The plan was presented not as his own — and he didn’t even mention remaining as prime minister, although Likud spokesman Jonathan Orich, who called him to the stage, presented him “the prime minister of the State of Israel and the next prime minister.” This was a very consensual Netanyahu, speaking for once in plural and making sure his ministers and the leaders of right-wing and religious parties, which he claims remain loyal, would all be mentioned as partners.

Netanyahu’s plan is “to enter talks in order to form a strong Zionist government and to prevent a dangerous anti-Zionist government.” In other words, the political landscape may have changed Tuesday night, but Netanyahu is sticking to his principles. The left wants to form “a government that relies on anti-Zionist Arab parties. Parties that deny the very existence of Israel as a Jewish and democratic state. Parties that glorify bloodthirsty terrorists who murder our soldiers, citizens and children.” This must be prevented, he said.

And the other reason for sticking with him is that “Israel is at a historical point.” Yes, the very same “historical opportunity” that he said is within Israel’s grasp at his hasty statement last week when he promised to annex the Jordan Valley. But Netanyahu has stopped talking about annexation. Instead, history now calls to face “the existential threat to Israel from Iran and its malignant cells.” And of course there is “my friend, President [Donald] Trump,” whose “plan of the century will be presented soon.”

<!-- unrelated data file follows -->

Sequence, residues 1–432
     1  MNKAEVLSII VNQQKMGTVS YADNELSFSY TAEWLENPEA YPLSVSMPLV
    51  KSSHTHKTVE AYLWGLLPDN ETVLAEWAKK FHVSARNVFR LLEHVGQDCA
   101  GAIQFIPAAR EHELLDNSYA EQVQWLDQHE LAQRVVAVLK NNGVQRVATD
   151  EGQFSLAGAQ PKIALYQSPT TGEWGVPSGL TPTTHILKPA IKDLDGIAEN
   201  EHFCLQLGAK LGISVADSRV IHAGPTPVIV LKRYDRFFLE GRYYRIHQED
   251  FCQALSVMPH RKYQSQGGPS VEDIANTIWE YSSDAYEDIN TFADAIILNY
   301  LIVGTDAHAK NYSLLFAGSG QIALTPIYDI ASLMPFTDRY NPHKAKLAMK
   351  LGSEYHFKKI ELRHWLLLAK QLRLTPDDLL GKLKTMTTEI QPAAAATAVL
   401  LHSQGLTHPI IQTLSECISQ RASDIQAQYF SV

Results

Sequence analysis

Who can ensure that “the way the negotiations with the president will be conducted will define Israel’s future for generations to come”? Netanyahu didn’t say, but the answer was clear. There is only one man who can deal with Trump, confront Iran and ensure that those murderous Arabs don’t get into the government. He may have lost the election, but he’s still falling back on that indispensable trio of Trump, Iran and the Arabs. From them will come Netanyahu’s salvation.

There are two dates in Netanyahu’s diary. He is still the prime minister and so far hasn’t canceled his plans to fly to New York next week, speak at the United Nations General Assembly and meet Trump there. It may sound absurd that a prime minister, who has now twice lost his majority and is facing eviction from office, will fly off to negotiate with the president of the United States. But Netanyahu is likely to do exactly that, in order to prove that he is still indispensable.

And then there is the pre-indictment hearing scheduled for Wednesday October 2. Netanyahu's attorneys will have no choice but to attend the hearing, knowing now that their client has no chance of winning a Knesset majority for immunity from prosecution over bribery and fraud charges.

Netanyahu, naturally, did not mention his legal troubles in the non-victory, non-concession speech, but it was at the forefront of his mind. The man on the stage spoke of Trump, the Iranian threat and the dangerous anti-Zionist Arabs — but he was doing so while looking at criminal charges that he can no longer evade. Yes, he is still prime minister and plans on remaining in office for as long as he can. But he is also much closer to being a defendant, and perhaps even to the high-security Wing 10 in Ramle's Maasiyahu Prison.